I don’t often have time to write product reviews, but I simply can’t help but share the really great stuff:
- Such as Three Fun Things to Try with your Raspberry Pi – Off The Shelf!
- Making the most of the low cost Nooks by Using Nook for Raspberry Pi remote display
- Or the very useful AdaFruit Pi T-Cobbler
I can categorically say that Texy’s TFT Touch Screen and Kit is another one of those things which I can’t help but share!
[Click on the pictures to see additional detail]
Texy’s TFT Touch Screen Kit:
Texy’s TFT Touch Screen and Kit itself comes in 2 forms, just the PCB and Display or with an additional perspex case to fit it all inside.
These are supplied pre-built ready to plug into your GPIO socket.
The display itself is a 2.8″ TFT backlit display, with a resolution of 320 x 240 (QVGA) and 64k colours, drawing just 90mA. If you override the backlight (by setting P1 Pin18 LOW) to switch the screen off, it’ll only draw 14mA in standby (ideal for battery powered applications).
The following shows the 2.8″ screen being compared to a 9″ DVD player screen 640 x 220 (from the RPi Analog output). Note standard TV resolution is around 720 x 480 (or 576) and will always be a little blurred due to the analog signals.
We can see the TFT is very sharp and easier to read even on the small screen, thanks to its digital connection.
Aside from providing a useful terminal display, the screen is able to display the Raspberry Pi desktop. It is even possible to show video (although don’t expect full speed frame-rates).
The magical bonus is the addition of the resistive touch-screen, which opens up a multitude of project possibilities where a full keyboard, mouse and display setup wouldn’t be practical. Combine this with some python code and Tkinter (for example) and you’ll have a very effective touch-based control system in no time.
Texy’s has also added a P1 header pass-through to the display board, so with the use of a ribbon cable you can either connect the display directly to the Raspberry Pi and make use of the GPIO with the cable, OR you can attach the display to the ribbon cable and use the GPIO connections on the underside of the display. The Display uses the SPI interface, including CE0 and CE1 (as well as GPIO0 Pin11, GPIO1 Pin12 & GPIO6 Pin22).
The rest of the GPIO pins are available for other hardware (there is even a GPIO pinout key printed on the board, which makes a handy quick reference when you really need it). This is excellent since there are so many kits out there which are greedy and hog all of the GPIO pins, even when they aren’t using them (I wish all designers built in GPIO pass-through into their designs).
There are pre-configured images available which will drive the display (this is probably the easiest option for most). You can modify your own setup to use the screen but this may be difficult for some ((as always making a backup before doing so is recommended). Note, it will not act like a typical plug-in display, so accelerated output from the GPU is not available for example. No doubt as the display is used by more people the installation will become easier. This aspect could be more user friendly, I hope to see some scripts to switch between different screen outputs and setups.
Additional details are also here: Configuration and Setup
With the addition of a virtual keyboard such as matchbox-keyboard, you can create a standalone setup. The touch-screen once calibrated allow you to use it like a mouse, tapping acts like the left mouse button, dragging moves the cursor.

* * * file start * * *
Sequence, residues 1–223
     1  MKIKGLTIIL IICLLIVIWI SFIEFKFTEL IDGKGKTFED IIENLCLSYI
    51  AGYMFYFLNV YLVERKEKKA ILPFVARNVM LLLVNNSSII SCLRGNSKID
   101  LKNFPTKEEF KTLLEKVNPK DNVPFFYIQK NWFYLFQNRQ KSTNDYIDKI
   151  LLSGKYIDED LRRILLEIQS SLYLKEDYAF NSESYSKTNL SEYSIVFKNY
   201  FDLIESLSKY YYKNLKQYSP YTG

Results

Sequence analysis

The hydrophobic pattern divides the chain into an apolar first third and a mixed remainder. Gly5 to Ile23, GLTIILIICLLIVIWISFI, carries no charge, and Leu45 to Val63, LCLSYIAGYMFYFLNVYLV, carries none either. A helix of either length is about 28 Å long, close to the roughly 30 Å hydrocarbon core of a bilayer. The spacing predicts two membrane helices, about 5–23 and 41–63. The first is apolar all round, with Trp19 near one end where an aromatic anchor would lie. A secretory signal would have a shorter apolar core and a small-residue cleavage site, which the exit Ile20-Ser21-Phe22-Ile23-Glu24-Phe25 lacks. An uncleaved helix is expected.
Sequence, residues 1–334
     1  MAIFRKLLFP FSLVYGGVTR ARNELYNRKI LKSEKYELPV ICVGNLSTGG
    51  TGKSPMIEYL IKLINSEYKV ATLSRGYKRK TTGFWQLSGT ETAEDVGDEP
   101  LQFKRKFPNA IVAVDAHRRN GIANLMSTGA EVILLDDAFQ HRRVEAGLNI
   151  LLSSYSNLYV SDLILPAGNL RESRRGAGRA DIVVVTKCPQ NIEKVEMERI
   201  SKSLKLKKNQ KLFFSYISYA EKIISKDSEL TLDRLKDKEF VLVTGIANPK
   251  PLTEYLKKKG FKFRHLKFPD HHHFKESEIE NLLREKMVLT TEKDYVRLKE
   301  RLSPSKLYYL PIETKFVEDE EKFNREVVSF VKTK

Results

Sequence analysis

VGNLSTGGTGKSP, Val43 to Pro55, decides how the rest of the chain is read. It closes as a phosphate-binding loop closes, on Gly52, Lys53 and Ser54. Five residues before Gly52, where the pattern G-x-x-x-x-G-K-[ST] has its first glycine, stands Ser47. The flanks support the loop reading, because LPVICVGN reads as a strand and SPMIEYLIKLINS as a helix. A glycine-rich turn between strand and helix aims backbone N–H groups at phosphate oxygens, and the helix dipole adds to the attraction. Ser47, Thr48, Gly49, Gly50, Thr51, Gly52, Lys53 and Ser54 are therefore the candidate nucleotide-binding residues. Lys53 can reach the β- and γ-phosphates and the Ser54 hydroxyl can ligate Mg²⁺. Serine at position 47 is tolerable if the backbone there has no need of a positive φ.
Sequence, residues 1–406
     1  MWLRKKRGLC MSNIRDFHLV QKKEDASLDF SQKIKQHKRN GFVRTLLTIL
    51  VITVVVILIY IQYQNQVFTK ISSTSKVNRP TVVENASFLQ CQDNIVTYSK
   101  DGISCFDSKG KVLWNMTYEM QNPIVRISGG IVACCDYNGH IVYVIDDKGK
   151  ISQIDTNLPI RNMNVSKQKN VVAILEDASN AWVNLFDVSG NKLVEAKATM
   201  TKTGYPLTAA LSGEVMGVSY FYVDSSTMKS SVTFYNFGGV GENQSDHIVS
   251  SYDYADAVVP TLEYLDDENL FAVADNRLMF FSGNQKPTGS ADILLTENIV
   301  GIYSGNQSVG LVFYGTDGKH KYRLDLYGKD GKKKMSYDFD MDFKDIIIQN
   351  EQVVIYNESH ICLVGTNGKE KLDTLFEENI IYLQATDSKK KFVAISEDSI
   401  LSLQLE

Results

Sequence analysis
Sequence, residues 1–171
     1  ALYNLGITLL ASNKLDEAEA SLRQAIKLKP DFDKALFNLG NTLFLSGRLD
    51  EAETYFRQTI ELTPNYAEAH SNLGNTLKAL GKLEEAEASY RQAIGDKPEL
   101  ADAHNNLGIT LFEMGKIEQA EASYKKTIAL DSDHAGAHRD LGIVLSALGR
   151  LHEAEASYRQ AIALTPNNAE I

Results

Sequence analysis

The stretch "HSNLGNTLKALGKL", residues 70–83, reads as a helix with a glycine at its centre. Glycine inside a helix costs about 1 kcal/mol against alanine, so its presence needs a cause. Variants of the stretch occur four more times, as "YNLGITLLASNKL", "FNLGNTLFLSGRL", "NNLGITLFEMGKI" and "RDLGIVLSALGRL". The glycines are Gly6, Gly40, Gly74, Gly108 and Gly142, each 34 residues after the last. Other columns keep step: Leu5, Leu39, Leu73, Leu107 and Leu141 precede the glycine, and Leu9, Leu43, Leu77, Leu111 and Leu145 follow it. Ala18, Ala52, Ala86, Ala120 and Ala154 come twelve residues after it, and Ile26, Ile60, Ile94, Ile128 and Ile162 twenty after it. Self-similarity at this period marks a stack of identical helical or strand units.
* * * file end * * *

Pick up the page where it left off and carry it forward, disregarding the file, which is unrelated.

Cases are something which I tend not to go for very often, simply because I often find they restrict the Raspberry Pi too much and get in the way of experimenting with hardware (which I do a lot). However, I’ve found that once you start adding things onto the Raspberry Pi (wifi dongles, sd-cards sticking out, the Pi Camera, GPIO cables, modules etc etc), more and more of it is exposed to damage so some kind of protection is a must.
Introducing Texy’s display case, which not only provides additional support for the Display unit, but extends out to protect the SD-Card while still allowing access to all the sockets and connections. It should be obvious that the trade off to having open access is that the case won’t be weather proof, but the Raspberry Pi is lifted off the surface so would stand a good chance in a coffee spill type situation).
There is even a neat little gap next to the LAN port where you can tuck the Raspberry Pi Camera module (see above)!
Note: Since it makes use of the Model A and Model B Rev 2 mounting holes, Model B Rev1 boards unfortunately won’t fit without some additional mounting (not included).
The full kit adds up to a very neat and tidy solution, while at the same time not adding excessive weight and bulk to the Raspberry Pi it packs in some exceptionally useful features.
Until there is the possibility of a larger, higher resolution screen which uses the DSI connector (this is something which only the Foundation will be able to produce as it requires detailed information about the GPU interface to implement), Texy’s screen provides an excellent, low power, compact and affordable option.
By combining the screen with a USB power pack, perhaps a wireless/bluetooth keyboard you have a very neat and portable setup. You will be able to hack anywhere you want to hack!
It is available by contacting him on the Raspberry Pi forum’s/or visiting his eBay listings from his sales page here: Texy’s TFT Touch Screen and Kit
Please check on Texy’s pages to confirm these:
Ready assembled and tested unit will cost £25 (plus postage costs).
The case is available for £12
10cm ribbon cable is available for £3
Of course for something larger (9 inches), there is now Raspi.tv HDMIPi 9 inch Screen , less portable but beautiful none the less. Prices start at £75.
RaspiTV’s HDMI screen Kickstarter (which was a huge success)